Denise's OMG moment came while watching Oprah when Leyton was in seventh grade. He'd gone through myriad maladies — from hearing loss (he once wore hearing aids) to peanut allergies to being hot all the time. It always seemed like one little thing after another. Denise never considered Tourette's, until she watched an Oprah show featuring a boy who displayed many of Leyton's characteristics.

"I watched that show, and it just hit me, oh my God, he has Tourette's," she said.

Mark wasn't buying it, although he now admits he was in denial. "In the back of my mind, everything added up," he said.

Leyton thrived in school and sports, especially soccer, and for the most part controlled his tics — although his neck and hand movements were particularly bad as he reached puberty, when Tourette's tends to peak. "You would have thought he was a third-base coach with all the tics he was doing," Mark said.

But none of them, including Leyton, thought he needed any outside help. Only when he struggled a bit in a Spanish class last year, did they decide to seek an official diagnosis. Students with disorders like Tourette's often receive special considerations for taking tests, like additional time. But once afforded that opportunity, Leyton turned it down.

"He decided he didn't want to be treated any different," Mark said. "He wanted to be like the rest of the kids."

Leyton, a B-plus student who will attend and play soccer for Pacific University in Oregon, shrugs off his disorders and is genuinely more annoyed by his mother's overprotective nature (she is a self-proclaimed mama bear) than the fact he has Tourette's. "I honestly don't care," he said. "I'm one of those people who likes to block things out."

Shrugging it off

For a while, the Websters thought their son's Tourette's might be mild, too. Most of Kellen's verbal tics quieted down until he reached junior high, and then some mild medication helped.

His Tourette's flared up occasionally, but he sailed through his sophomore year in high school as a starter in basketball and baseball. A six-foot-three guard, Kellen flew onto the college recruiting radar by hitting eight three-pointers at the 4A state tournament, one shy of the record.

Then the wheels fell off that summer as his Tourette's raged. His head nearly spun like a top, and he punched himself black and blue. He clapped and clucked and barked, and during one baseball game, his mouth stuck open.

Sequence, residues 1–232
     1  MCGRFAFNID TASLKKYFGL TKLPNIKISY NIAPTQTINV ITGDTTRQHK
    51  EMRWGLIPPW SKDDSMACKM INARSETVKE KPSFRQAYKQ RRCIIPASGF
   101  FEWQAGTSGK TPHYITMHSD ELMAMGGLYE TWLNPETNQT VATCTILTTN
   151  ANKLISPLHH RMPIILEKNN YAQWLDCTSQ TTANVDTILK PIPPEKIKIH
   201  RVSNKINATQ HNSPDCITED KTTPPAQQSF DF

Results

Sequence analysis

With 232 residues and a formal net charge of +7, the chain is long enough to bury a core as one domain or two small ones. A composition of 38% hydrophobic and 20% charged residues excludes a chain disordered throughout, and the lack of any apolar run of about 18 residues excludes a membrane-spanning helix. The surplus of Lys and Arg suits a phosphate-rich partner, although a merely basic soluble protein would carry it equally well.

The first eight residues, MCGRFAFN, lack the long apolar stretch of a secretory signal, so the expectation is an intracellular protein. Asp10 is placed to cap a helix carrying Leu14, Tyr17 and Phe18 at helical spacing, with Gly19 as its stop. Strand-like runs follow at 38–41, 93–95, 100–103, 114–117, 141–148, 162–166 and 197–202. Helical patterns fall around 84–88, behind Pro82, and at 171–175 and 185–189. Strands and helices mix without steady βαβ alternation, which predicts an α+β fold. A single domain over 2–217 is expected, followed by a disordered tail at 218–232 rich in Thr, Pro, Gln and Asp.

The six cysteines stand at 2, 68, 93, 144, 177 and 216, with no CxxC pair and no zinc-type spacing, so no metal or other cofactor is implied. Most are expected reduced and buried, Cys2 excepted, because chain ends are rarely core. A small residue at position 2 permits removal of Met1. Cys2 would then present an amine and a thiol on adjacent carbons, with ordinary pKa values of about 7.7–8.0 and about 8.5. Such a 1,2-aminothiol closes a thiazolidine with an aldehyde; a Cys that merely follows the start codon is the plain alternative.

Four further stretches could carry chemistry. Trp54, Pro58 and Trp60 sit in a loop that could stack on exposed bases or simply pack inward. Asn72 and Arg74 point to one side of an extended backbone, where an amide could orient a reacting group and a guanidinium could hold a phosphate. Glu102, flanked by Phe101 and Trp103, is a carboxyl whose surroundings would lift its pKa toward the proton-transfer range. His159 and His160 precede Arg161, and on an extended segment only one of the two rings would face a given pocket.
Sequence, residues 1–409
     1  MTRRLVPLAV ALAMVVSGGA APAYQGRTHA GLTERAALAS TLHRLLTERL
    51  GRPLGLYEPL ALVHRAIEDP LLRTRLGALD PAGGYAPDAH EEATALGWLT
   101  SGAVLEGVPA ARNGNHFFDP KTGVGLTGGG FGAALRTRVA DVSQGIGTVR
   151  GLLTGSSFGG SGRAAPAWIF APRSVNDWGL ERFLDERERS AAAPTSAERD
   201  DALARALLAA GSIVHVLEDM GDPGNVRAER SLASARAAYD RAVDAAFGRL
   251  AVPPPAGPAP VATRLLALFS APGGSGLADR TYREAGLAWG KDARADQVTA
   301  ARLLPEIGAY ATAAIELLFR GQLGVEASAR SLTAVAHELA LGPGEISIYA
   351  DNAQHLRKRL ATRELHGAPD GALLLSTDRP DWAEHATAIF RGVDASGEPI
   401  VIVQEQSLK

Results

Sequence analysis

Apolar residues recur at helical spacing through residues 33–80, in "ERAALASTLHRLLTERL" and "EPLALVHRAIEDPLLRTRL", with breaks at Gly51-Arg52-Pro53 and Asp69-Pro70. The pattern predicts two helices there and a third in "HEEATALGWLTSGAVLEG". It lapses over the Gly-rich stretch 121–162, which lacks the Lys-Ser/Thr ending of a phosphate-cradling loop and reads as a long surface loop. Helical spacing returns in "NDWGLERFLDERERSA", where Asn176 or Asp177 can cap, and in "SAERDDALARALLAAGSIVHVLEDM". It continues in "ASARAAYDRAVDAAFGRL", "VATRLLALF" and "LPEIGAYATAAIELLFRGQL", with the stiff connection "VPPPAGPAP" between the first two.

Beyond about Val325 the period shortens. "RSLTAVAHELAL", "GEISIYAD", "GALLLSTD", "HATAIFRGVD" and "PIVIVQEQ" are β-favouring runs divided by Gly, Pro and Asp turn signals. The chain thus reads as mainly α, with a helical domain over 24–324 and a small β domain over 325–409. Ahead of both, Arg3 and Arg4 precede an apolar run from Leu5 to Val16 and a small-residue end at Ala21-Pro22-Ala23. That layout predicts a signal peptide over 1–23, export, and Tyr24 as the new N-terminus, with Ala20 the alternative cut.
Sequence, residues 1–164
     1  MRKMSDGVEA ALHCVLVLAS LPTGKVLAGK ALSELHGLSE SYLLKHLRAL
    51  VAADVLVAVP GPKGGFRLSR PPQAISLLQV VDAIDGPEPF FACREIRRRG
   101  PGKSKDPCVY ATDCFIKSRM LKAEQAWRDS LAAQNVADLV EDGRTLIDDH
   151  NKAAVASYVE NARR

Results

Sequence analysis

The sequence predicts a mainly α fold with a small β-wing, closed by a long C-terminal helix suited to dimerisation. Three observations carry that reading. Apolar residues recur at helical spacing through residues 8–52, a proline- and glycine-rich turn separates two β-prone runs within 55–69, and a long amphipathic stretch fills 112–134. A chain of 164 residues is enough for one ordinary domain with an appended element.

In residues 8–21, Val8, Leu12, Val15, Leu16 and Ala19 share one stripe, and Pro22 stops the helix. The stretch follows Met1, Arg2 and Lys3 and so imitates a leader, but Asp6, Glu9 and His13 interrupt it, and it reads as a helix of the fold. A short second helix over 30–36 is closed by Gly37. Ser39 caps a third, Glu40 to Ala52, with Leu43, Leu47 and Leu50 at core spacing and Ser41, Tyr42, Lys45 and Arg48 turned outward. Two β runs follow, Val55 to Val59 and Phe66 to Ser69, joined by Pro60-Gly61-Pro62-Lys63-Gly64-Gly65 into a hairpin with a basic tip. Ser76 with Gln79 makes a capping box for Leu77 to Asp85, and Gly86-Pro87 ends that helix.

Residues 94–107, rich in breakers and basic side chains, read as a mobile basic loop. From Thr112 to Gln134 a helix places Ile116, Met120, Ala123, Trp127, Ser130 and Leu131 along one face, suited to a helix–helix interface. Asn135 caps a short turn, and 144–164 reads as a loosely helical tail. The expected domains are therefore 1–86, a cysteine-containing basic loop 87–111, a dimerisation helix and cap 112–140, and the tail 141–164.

His parents had a neurologist on speed dial and Kellen tried multiple medications. He began working with Dr Wiegand and became one of the first in the state to learn Comprehensive Behavioural Intervention for Tics (CBIT), which ultimately worked wonders.

Kellen was able to play basketball — sometimes sinking three-pointers with his head turned away from the hoop — until he suffered three concussions, his balance a casualty of his meds. He returned for baseball, but quit batting partway through the season for safety reasons — he might get beaned not watching the ball.

His team, the Cougars, reached the regional tournament, when Kellen selflessly told his coaches the team had a better chance with someone else at shortstop as his condition flared again. They lost to Kentwood by a run. 

While Leyton's Tourette's hasn't affected his athletic abilities, Kellen wishes he could say the same thing.

Tics have never made Leyton miss a soccer ball and he is among the top goalkeepers in the state. And he has a role model in Tim Howard, goalkeeper for the US National Soccer Team who has Tourette's.

Kellen's coaches say he could play at least Division II baseball and/or basketball, when his condition is under control.

Dr Wiegand said he believes sports can be therapeutic for Tourette's patients, especially those with depression, like Kellen. "Physical activity and social activity are really the two anecdotes to depression," he said. "And for those not doing well in school, it gives them another area of their life where they can excel and base their self-esteem."

But Kellen admits one reason he didn't push returning to the baseball team this spring, if his back allowed, was the fear his symptoms would rear again. "I don't want to sound overdramatic, but it was kind of scarring," he said of the struggles. "I didn't really want to risk it."

Yet, he asks for no one's pity. "It was hard for me to have the game taken away from me like that, with what I have, but my dad always says it will make me a better person, because everyone's going to face adversity, and I face it a lot, which I think will make me a better person," he said.

A month ago, Kellen thought he'd give up baseball and basketball to attend Washington State University, but he recently reconsidered and might pursue both at Bellevue College. "I missed it," he said.

About Tourette's

Tourette Syndrome is a neurological disorder characterised by repetitive involuntary movements and vocalisations called tics. The disorder is named for Dr Georges Gilles de la Tourette, a French neurologist who, in 1885, first described the condition in an 86-year-old French woman. Males are affected about three to four times more often than females. Most people with the condition experience their worst tic symptoms in their early teens. – The Seattle Times/McClatchy-Tribune Information Services